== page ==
t was filled with rose-bushes which he tended himself, from the first loosening of the earth in spring until the straw sheaf-caps were tied about them in November.
What more delightful occupation for a scholar than working in a rose-garden!
There his friends were most likely to find him in suitable weather, and when June came they were sure to receive a share of the bountiful blossoms; nor did he ever forget the sick and suffering.
He was greatly interested to hear of a German doctor at Munich who had a rose-garden with more than a hundred varieties in it. I should like to know that man, he said; wouldn't we have a good talk together?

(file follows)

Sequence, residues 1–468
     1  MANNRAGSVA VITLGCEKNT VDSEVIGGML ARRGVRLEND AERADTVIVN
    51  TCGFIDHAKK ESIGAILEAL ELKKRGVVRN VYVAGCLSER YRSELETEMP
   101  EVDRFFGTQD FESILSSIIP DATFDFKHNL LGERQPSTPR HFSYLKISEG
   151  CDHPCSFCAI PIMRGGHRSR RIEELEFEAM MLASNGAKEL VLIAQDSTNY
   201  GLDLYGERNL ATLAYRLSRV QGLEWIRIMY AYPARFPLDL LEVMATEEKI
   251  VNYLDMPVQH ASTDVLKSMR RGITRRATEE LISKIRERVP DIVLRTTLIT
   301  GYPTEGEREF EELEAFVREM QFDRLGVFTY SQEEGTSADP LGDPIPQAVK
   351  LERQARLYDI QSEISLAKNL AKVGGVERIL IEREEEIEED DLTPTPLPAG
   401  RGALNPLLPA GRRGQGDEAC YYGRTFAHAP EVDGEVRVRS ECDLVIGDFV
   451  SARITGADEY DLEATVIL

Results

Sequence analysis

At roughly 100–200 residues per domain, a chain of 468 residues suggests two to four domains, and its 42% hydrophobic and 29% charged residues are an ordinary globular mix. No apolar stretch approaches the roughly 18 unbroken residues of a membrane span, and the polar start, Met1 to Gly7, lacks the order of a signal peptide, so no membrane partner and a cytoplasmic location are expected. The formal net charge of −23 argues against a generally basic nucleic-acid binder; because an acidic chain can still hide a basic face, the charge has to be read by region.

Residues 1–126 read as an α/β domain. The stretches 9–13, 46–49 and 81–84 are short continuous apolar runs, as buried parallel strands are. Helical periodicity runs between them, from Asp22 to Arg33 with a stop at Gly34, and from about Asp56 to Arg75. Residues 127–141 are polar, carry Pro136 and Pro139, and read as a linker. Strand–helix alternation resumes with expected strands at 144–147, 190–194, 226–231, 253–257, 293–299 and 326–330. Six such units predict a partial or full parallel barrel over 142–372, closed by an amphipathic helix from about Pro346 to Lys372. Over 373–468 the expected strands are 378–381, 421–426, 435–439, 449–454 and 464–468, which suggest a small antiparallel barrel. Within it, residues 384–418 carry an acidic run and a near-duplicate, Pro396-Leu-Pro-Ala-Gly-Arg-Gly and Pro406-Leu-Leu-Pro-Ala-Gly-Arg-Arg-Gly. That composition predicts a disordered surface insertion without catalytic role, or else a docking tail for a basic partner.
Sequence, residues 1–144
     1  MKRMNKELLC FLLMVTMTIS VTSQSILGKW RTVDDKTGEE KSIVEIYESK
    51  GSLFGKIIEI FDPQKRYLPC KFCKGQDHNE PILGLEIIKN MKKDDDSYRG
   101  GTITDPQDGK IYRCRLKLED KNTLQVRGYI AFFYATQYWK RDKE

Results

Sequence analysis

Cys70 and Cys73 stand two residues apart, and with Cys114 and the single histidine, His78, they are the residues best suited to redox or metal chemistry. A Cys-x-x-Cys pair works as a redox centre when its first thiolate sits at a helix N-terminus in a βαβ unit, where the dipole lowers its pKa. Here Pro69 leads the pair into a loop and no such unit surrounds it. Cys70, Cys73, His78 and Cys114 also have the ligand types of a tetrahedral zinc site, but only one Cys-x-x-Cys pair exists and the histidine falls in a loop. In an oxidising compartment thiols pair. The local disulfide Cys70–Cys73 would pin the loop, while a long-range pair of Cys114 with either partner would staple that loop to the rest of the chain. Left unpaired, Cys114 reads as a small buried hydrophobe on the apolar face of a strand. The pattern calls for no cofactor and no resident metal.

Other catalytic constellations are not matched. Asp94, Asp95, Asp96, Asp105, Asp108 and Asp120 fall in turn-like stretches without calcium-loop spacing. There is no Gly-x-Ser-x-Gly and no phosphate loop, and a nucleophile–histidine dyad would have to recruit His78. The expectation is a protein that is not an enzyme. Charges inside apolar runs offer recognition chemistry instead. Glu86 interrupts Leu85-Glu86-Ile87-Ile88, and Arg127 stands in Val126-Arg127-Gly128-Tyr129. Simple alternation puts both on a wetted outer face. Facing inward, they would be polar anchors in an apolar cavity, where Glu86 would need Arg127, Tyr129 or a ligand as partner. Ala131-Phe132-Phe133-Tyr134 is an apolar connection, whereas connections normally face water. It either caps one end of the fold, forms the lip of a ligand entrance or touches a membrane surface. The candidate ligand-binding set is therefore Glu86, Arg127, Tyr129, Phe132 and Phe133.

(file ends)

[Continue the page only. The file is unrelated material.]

He complained that although everybody liked roses few were sufficiently interested in them to distinguish the different kinds.
Naturally rosebugs were his special detestation.
Saving your presence, he said to President Felton's daughter, I will crush this insect; to which she aptly replied, I certainly would not have my presence save him.